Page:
I’m trying to create a matrix/grid inside a 3D mesh.
I can create grids, i can create random points inside meshes and colliders, I can even slice the grids using a plane… but I’m having trouble combining the 2.
I’m trying to create an environment where I can get any 3D mesh (Any shape/design/3D file format) and then create a series of 3D points inside it at a given distance from each other.
And obviously only have the points that are inside the mesh, removing the others.
I’ve looked into Octree and just found out about KDtree but really not sure i need to get that complicated.
Does anyone know how I can achieve this, how would you go about doing this?
Not looking for code or anything, just direction.
Sorry but I think I’m not really sure what you’re actually asking here. A grid is a rather abstract concept. It could be simply snapping points to the closest grid point, it could be about drawing grid lines. This part:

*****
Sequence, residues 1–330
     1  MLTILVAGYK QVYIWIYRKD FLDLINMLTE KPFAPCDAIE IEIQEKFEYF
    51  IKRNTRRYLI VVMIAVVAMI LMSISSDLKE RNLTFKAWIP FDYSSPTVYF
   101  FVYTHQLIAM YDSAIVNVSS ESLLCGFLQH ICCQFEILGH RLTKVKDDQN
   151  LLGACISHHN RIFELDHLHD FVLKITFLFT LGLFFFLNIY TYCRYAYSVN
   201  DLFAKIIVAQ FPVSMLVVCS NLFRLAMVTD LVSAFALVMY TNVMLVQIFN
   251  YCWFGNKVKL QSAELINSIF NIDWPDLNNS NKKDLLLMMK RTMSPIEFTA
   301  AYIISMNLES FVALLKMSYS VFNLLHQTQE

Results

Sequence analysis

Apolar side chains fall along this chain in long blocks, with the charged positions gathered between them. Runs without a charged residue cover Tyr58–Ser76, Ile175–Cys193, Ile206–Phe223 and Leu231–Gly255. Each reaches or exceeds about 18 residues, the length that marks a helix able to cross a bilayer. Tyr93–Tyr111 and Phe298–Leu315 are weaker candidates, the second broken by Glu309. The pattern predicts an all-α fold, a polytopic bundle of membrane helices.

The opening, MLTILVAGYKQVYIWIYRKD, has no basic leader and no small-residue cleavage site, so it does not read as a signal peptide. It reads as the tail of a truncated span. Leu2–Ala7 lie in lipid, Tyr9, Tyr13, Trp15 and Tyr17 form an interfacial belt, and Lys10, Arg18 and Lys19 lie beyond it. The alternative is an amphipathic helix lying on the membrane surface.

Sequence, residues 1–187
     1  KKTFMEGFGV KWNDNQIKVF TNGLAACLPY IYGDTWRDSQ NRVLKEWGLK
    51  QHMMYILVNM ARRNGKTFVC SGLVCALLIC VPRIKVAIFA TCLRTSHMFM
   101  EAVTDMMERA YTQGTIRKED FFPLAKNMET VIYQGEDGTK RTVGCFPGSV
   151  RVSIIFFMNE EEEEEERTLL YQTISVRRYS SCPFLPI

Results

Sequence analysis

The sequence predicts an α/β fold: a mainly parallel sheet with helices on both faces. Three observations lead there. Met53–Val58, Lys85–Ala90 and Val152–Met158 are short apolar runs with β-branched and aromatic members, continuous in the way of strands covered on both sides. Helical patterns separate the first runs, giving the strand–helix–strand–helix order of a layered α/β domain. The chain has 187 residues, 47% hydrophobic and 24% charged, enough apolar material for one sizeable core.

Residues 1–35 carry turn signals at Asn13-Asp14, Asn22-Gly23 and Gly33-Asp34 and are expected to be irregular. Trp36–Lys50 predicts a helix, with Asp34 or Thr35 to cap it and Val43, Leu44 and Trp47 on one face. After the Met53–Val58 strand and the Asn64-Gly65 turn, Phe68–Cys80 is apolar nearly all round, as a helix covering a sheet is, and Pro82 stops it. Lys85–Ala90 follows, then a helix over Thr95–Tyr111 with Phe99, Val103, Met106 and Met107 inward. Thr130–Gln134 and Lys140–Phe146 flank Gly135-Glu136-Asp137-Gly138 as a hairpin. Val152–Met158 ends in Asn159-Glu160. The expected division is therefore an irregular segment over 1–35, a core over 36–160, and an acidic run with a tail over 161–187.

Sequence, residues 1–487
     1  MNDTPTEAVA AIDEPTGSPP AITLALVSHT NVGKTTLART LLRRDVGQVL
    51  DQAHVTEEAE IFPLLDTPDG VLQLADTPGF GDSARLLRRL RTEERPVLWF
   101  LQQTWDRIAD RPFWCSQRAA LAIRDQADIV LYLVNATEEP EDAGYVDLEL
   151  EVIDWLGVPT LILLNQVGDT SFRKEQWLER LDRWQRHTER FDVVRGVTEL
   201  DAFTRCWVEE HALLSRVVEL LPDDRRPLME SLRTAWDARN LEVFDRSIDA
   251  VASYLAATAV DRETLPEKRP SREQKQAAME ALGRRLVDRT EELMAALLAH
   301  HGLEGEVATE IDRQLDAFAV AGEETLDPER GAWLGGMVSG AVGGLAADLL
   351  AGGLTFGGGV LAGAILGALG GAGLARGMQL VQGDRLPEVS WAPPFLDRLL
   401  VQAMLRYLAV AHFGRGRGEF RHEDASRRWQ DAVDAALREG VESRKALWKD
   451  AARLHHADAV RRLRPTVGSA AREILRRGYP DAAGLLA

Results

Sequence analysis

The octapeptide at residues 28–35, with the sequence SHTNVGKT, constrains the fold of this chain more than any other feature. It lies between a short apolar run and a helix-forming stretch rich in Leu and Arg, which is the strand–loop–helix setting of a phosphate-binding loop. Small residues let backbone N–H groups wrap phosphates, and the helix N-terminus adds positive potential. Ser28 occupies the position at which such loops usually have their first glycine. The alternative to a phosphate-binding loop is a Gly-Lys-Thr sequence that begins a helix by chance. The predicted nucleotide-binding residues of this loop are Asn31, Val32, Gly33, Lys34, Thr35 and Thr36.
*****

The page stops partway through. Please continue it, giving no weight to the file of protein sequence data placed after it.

I’m trying to create an environment
where I can get any 3D mesh (Any
shape/design/3D file format) and then
create a series of 3D points inside it
at a given distance from each other.
And obviously only have the points
that are inside the mesh, removing the
sounds more like you’re looking for generating point cloud data and / or working on boolean operations (CSG). To me it sounds like you don’t really sure what you actually want or that you have trouble explaining it Maybe it’s just me not understanding it.
KD-trees and octrees are just a way for space partitioning to speed up searching for things inside the tree.
To me it’s still not clear if you actually want to work with 3d meshes or if you’re just interested in getting the points inside them (for whatever reasons). Since you talked about arbitrary meshes I’d like to note that a mesh in general does not really represent any volume as a mesh only defines the surface. A mesh does not need to be closed. So if you’re thinking about CSG there’s not always a reasonable way to construct a logical volume out of surface meshes. While the logic behind CSG is relatively simple, implementing them is much harder. When you want to implement boolean operation between 3d meshes there are many edge cases which can drive you mad, believe me Under the hood it’s just basic geometry / maths / equations.